March 5, 2021

More than 2/3 of Indiana nursing home staff would take COVID-19 vaccine

Nurse holding older person's hand.

Educating staff is crucial for increasing uptake and achieving desired results

In a study conducted shortly before COVID-19 vaccines became available in the U.S., more than two-thirds of nursing home and assisted living staff in Indiana indicated willingness to receive a vaccine immediately or in the future. The study was led by researchers from Regenstrief Institute, Indiana University and the State of Indiana. Vaccine uptake by front-line staff is important because it will help protect against serious illness and death for the high-risk people who receive care in these facilities.

“The vaccines offer the opportunity to return to a more normal life within the nursing facility, but that cannot be achieved without staff being willing to take the vaccine,” said study leader Kathleen Unroe, M.D., MHA, a Regenstrief research scientist, IU School of Medicine associate professor of medicine and a geriatrician. “The rates of willingness found in this survey are a positive sign, and more staff may be amenable to the vaccines if they receive more education and outreach.”

Nursing home and assisted living facility staff were included in the first phase of vaccine distribution, so the Indiana State Department of Health sent an anonymous survey to staff in facilities across the state to gain an understanding of willingness to participate. More than 8,000 responded. 45 percent indicated they would be willing to take a vaccine as soon as it was available, and an additional 24 percent said they would take it at some point in the future.

Staff members were surveyed on their reasons for not wanting to receive a vaccine. The most common responses were:

  • Concern over side effects (70%)
  • Health concerns (34%)
  • Questions about effectiveness (20%)
  • Religious reasons (12%)

“We found significant differences in willingness to take a vaccine among staff sub-groups, for example older employees were more interested in getting it as soon as possible, whereas direct care clinical staff who deal directly with patients were less likely to report willingness to receive the vaccine in the first wave,” said Justin Blackburn, PhD, associate professor at Indiana University Richard M. Fairbanks School of Public Health at IUPUI. “This information can help public health and facility leaders identify which groups may need education and outreach about the vaccines so that these efforts can successfully protect residents.” Dr. Blackburn is also a program faculty with the Indiana University National Library of Medicine Public Health Informatics T15 program hosted by Regenstrief Institute and Fairbanks School of Public Health.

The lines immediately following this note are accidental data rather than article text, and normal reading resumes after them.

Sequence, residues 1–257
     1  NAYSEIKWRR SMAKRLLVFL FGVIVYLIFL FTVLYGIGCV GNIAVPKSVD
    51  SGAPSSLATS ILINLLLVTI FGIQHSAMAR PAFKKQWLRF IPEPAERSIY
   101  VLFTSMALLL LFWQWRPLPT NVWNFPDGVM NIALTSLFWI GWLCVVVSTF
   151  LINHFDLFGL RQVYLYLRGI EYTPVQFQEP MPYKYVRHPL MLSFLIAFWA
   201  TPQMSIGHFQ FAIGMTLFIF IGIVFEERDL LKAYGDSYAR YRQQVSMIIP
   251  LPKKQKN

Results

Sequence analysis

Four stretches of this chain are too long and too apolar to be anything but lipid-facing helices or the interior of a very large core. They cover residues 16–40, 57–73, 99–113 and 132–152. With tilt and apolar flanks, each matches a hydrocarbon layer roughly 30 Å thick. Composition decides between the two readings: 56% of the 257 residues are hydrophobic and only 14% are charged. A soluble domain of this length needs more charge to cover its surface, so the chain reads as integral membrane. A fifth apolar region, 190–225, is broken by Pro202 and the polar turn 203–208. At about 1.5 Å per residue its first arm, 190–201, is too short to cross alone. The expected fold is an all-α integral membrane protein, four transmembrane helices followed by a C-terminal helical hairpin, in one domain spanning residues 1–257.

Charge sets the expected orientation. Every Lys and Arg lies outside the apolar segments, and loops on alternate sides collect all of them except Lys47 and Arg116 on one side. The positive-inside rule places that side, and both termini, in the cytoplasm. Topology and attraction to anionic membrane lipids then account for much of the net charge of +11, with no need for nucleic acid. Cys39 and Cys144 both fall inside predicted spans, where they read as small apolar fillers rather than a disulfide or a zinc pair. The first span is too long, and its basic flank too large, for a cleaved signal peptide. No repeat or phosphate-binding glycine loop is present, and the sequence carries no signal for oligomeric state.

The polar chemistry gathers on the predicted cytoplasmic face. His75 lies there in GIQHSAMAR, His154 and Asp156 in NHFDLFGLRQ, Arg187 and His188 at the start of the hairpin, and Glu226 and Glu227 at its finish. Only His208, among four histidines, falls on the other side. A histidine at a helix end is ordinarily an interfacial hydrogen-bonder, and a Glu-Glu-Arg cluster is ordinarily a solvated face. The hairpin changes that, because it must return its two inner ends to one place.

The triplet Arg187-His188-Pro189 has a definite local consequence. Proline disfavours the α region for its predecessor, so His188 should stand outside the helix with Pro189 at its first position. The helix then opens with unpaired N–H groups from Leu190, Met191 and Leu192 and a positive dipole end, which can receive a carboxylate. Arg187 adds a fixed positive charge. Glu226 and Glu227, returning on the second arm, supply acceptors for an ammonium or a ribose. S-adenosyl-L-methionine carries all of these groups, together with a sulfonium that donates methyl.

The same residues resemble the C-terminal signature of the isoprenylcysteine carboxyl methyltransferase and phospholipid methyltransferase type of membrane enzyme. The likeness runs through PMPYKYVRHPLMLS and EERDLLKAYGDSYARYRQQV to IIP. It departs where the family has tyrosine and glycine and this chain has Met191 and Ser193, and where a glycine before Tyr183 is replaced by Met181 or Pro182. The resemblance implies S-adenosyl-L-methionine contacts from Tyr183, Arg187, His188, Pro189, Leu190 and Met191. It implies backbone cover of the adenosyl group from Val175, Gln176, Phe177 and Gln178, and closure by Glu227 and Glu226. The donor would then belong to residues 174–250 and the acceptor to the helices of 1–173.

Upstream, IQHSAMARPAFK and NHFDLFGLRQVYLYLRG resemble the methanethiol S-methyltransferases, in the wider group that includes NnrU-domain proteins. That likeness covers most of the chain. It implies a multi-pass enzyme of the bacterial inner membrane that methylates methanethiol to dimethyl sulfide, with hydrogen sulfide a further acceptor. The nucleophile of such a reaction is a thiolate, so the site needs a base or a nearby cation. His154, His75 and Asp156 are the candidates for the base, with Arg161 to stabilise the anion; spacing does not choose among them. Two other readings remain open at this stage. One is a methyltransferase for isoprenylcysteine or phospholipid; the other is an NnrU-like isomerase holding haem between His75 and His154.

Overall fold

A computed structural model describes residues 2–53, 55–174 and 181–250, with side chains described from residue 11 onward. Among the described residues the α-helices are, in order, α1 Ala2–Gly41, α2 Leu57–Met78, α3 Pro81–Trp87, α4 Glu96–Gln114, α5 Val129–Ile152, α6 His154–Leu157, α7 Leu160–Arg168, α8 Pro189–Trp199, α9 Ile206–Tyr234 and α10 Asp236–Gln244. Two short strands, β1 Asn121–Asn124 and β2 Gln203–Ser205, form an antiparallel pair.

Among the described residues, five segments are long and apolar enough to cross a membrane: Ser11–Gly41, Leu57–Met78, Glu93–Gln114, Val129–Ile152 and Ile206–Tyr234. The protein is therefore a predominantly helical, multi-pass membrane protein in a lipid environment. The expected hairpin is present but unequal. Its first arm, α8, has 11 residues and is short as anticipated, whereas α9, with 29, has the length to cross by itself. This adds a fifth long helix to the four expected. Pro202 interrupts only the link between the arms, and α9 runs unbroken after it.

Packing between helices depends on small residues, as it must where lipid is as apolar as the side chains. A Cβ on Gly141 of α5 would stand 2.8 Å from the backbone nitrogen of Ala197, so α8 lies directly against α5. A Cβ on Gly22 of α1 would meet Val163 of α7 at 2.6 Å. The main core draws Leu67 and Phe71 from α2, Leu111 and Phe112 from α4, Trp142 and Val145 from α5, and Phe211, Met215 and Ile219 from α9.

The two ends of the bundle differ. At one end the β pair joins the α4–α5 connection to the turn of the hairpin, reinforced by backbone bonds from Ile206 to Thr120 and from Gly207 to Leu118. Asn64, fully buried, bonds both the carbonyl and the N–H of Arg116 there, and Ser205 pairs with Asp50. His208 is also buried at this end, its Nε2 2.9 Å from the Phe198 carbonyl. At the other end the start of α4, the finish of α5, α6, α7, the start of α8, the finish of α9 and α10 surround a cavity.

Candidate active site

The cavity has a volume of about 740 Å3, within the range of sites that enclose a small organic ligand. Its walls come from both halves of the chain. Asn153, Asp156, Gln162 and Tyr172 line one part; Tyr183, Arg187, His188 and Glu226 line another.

Willingness of long-term care staff to receive a COVID-19 vaccine: A single state survey” has been published online ahead of print in the Journal of the American Geriatrics Society.

In addition to Dr. Unroe and Dr. Blackburn, other authors of the paper are Russell Evans, R.N., MHA of Indiana University Health; Lindsay Weaver, M.D. of the Indiana State Department of Health and Dan Rusyniak, M.D. of the Indiana Family and Social Services Administration.

About Regenstrief Institute

Founded in 1969 in Indianapolis, the Regenstrief Institute is a local, national and global leader dedicated to a world where better information empowers people to end disease and realize true health. A key research partner to Indiana University, Regenstrief and its research scientists are responsible for a growing number of major healthcare innovations and studies. Examples range from the development of global health information technology standards that enable the use and interoperability of electronic health records to improving patient-physician communications, to creating models of care that inform practice and improve the lives of patients around the globe.

Sam Regenstrief, a nationally successful entrepreneur from Connersville, Indiana, founded the institute with the goal of making healthcare more efficient and accessible for everyone. His vision continues to guide the institute’s research mission.

About IU School of Medicine

IU School of Medicine is the largest medical school in the U.S. and is annually ranked among the top medical schools in the nation by U.S. News & World Report. The school offers high-quality medical education, access to leading medical research and rich campus life in nine Indiana cities, including rural and urban locations consistently recognized for livability.

About the Richard M. Fairbanks School of Public Health at IUPUI

Located on Indiana’s premier research and health sciences campus, the Richard M. Fairbanks School of Public Health at IUPUI is committed to advancing the public’s health and well-being through education, innovation and leadership. The Fairbanks School of Public Health is known for its expertise in biostatistics, epidemiology, cancer research, community health, environmental public health, global health, health policy and health services administration.

Kathleen Unroe, M.D., MHA

In addition to being a research scientist at Regenstrief Institute, Kathleen Unroe, M.D., MHA, is an associate professor at Indiana University School of Medicine and a practicing geriatrician.

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